V

Lines 1, 2, and 3 list the premises and the negation of the conclusion. Line 4 gives the result of applying to line 3. Looking at line 1, we ask, What was the very last step performed in writing this sentence? The answer: applying a universal quantifier. So it is a universally quantified sentence. But line 4 is an existentially quantified sentence. Our practical guide tells us to work on the existentially before the universally quantified sentence. Accordingly, I pick a new name, 'c', and use it to instantiate '(3x)Lxa', giving me line 5. Now I can return to line 1 and apply the rule V. At this point, the names on the branch are 'a', 'e', and 'c'. So I get the three instances of 1 written on lines 6, 7, and 8, and I record the names used to the left of line 1. Lines 9, 10, and 11 apply the v rules to lines 6, 7, and 8. Notice that I chose to work on line 8 before line 7. I am free to do this, and I chose to do it, because I noticed that the disjunction of line 8 would close on one branch, while the disjunction of line 7 would not close on any branches. We have applied the rules as far as they can be applied. No sentence can be made true by making shorter sentences true. We are left with two open branches, each of which represents a counterexample to the original argument. Let's write these counterexamples down. The branch labeled (i) at the bottom has the names 'e', 'c', and 'a'. (In principle, the order in which you list information on a branch makes no difference. But it's easiest to read off the information from the bottom of the branch up.) So I indicate the domain of branch (i)'s interpretation by writing D = {e,c,a}. What is true of e, c, and a in this interpretation? The branch tells us that e bears L to itself, that c bears L to e, that a does not bear L to itself, that c bears L to a and that a does not bear L to e. In short, the interpretation is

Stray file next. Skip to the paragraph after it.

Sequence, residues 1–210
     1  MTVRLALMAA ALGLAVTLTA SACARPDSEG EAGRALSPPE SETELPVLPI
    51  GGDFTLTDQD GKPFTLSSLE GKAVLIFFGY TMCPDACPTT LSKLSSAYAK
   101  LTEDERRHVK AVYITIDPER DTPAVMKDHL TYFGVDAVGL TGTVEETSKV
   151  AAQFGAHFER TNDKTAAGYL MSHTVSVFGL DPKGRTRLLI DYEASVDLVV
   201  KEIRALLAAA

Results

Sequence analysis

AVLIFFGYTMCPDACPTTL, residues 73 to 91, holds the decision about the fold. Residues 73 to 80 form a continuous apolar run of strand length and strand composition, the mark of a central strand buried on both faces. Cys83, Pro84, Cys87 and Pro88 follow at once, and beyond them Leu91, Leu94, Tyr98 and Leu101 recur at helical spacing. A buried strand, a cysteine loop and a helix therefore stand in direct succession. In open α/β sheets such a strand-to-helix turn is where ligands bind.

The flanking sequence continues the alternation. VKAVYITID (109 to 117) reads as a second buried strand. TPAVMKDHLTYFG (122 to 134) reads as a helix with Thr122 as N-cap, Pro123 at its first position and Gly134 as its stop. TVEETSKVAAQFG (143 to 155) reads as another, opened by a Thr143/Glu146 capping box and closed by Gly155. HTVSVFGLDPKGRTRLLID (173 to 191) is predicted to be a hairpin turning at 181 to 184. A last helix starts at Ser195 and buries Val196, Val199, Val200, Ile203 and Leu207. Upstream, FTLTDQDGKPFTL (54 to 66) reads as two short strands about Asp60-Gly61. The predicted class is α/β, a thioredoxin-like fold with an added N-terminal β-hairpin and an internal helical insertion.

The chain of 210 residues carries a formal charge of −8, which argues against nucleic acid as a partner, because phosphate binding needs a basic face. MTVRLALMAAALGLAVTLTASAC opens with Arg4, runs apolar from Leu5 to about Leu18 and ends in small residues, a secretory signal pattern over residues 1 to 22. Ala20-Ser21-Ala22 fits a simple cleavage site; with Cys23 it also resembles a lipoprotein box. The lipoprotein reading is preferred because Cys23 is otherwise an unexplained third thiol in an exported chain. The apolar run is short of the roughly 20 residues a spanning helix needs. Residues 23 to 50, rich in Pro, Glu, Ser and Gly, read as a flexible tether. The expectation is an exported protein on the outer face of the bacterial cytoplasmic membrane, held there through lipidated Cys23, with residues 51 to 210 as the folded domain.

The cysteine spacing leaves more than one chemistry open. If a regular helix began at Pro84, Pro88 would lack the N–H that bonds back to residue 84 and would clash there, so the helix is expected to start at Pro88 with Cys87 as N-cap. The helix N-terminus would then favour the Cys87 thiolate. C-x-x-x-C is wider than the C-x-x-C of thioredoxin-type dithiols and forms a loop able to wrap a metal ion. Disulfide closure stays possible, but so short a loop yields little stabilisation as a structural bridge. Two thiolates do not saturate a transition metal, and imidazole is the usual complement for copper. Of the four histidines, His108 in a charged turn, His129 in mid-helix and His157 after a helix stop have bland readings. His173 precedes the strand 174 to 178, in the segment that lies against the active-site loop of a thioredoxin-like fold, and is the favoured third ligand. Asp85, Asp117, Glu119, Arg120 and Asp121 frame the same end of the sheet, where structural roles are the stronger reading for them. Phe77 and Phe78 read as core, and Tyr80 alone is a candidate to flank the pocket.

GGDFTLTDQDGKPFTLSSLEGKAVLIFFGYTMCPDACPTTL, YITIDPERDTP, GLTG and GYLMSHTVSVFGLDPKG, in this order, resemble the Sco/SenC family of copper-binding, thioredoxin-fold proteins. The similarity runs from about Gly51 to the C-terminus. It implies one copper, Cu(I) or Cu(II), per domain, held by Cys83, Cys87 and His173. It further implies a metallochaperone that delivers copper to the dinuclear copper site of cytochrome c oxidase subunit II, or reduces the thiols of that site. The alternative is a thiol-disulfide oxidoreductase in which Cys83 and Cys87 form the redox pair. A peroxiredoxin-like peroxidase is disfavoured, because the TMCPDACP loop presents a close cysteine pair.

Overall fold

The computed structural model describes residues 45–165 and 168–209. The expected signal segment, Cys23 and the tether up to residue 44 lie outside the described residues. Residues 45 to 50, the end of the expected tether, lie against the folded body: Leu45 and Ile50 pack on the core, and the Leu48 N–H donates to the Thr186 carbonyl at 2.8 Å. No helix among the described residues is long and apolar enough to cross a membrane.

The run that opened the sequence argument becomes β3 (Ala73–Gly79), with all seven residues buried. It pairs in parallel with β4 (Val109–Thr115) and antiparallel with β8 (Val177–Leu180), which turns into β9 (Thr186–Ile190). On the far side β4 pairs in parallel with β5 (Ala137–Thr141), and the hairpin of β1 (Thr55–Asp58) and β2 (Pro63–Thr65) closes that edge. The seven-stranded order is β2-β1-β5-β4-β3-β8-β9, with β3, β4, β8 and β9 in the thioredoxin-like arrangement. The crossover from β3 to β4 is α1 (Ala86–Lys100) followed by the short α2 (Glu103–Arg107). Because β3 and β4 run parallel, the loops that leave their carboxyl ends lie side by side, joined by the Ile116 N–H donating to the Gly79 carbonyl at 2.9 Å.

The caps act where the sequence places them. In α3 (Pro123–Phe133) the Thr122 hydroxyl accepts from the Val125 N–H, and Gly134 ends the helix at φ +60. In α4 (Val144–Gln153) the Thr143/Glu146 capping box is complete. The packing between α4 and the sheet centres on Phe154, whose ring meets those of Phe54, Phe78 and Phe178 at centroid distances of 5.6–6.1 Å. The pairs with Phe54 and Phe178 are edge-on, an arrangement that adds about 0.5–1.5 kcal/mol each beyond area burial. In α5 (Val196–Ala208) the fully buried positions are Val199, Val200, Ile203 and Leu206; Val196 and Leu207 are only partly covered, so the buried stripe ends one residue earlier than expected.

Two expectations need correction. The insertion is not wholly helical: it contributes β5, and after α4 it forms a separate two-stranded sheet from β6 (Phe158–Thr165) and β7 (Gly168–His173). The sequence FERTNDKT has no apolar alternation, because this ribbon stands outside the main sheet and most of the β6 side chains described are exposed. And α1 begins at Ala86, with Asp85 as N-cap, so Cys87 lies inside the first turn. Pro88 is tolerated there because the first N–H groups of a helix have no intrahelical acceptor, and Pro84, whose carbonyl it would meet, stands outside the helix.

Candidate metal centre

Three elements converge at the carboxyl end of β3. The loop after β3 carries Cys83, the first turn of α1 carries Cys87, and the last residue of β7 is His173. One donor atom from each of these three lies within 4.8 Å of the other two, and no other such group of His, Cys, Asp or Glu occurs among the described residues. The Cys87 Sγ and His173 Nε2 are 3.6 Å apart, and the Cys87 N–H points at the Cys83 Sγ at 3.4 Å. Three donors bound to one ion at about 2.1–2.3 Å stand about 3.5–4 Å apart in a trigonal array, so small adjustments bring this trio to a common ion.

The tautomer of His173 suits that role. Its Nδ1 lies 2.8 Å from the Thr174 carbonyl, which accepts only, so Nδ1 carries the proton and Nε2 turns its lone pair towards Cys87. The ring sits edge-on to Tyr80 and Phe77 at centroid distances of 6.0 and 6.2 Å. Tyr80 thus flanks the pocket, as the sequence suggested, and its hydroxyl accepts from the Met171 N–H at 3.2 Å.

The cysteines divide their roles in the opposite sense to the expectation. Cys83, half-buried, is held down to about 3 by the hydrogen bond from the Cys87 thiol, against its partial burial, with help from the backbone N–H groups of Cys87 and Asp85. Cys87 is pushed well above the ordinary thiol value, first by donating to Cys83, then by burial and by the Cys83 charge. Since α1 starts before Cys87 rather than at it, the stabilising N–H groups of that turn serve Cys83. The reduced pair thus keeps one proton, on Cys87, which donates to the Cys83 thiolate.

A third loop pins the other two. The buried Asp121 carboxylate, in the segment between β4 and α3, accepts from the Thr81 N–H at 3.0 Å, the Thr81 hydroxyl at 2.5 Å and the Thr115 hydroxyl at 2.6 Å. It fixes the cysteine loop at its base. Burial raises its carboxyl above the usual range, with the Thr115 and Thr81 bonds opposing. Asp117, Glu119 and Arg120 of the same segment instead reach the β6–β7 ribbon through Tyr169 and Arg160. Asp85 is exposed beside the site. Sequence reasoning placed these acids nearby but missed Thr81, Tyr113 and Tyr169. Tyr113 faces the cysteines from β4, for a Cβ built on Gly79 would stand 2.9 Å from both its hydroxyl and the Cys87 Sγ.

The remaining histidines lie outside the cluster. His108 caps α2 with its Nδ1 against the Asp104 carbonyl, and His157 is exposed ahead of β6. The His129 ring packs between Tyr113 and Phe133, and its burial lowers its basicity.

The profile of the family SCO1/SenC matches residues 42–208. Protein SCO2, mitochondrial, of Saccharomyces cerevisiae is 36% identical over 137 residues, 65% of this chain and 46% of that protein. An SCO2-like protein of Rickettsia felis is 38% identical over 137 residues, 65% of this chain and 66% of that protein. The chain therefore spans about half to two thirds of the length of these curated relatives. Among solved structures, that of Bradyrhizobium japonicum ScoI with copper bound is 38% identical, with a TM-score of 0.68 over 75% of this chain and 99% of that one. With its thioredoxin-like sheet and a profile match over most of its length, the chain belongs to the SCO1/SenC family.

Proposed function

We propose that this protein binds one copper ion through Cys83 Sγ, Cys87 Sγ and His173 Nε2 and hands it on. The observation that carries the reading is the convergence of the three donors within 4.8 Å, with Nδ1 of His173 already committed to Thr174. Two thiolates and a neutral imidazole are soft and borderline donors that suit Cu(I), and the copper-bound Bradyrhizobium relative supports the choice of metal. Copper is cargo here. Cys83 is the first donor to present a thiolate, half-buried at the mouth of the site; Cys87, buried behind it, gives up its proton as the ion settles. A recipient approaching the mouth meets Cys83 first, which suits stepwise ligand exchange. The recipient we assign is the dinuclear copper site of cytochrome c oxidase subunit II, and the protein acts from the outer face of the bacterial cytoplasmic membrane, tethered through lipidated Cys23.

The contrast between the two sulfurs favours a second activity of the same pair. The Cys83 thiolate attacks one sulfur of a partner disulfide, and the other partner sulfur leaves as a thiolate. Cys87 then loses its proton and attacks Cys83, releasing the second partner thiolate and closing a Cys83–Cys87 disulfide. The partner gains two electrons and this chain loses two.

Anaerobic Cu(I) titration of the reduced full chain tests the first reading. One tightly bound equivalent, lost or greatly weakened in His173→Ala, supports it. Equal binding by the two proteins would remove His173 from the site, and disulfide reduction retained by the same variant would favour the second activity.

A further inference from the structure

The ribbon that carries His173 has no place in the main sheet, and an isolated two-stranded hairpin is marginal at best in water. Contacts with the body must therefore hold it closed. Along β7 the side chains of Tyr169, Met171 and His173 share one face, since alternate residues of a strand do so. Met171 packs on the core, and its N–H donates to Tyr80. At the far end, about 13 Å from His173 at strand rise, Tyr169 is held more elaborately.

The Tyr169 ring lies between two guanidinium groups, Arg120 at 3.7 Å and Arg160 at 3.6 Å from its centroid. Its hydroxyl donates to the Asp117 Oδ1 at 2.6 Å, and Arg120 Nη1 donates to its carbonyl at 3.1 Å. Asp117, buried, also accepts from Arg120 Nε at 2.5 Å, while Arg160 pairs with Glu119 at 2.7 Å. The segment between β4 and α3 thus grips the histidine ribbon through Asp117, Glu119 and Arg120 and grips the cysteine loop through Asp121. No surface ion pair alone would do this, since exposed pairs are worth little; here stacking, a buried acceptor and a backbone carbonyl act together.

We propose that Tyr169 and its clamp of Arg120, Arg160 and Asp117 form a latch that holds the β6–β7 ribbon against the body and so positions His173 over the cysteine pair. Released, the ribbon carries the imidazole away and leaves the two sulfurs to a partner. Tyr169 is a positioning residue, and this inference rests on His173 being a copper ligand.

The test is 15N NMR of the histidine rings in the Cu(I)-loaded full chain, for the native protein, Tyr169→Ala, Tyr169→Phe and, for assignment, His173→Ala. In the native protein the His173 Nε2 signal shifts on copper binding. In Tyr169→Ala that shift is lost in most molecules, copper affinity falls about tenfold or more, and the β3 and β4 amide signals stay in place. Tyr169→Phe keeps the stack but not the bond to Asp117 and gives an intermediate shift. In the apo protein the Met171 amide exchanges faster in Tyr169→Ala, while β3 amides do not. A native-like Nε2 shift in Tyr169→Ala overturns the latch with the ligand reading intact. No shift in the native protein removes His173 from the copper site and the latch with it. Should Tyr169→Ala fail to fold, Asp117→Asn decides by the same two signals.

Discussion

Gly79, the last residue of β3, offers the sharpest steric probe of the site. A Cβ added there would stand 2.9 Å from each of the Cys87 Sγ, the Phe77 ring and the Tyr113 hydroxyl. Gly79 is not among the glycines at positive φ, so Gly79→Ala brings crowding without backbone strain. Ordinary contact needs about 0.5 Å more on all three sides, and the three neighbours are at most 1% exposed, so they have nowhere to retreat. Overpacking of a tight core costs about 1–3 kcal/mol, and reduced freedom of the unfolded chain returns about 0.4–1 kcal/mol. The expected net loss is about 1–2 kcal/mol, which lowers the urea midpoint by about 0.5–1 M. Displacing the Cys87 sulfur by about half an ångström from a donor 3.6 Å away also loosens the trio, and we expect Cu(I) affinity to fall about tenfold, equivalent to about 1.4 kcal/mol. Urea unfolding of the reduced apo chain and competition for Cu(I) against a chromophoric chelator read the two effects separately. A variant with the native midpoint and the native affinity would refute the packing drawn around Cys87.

--

## (Vx)(Lxev -Lxa) Lae

--(3x)Lxa (3x)~xa

P P -C 3,
1, 1, 1,

/. 7

## Lca Lae v -Laa Lee v -Lea Lce v -Lca

4, 3, New name

-v v v

T o read an interpretation of an open branch, you need only make a list of the branch's names and the atomic and negated atomic sentences which appear along the branch. We use the format I have just indicated to make clear that the names are names of the objects of the domain, and the atomic and negated atomic sentences describe what is true of these objects. Check your understanding by reading the counterexample off the branch labeled (ii). You should get
D = {e,a,c);-Lea & Lce & - h a & Lca & -Lae

Lae

-Laa

Notice that neither of these counterexamples as read off the branches constitutes complete interpretations. The branches fail to specify some of the atomic facts that can be expressed with 'L', 'a', 'c', and 'e'. For example, neither branch tells us whether 'LC' is true or false. We have seen the same situation in sentence logic when sometimes we had a relevant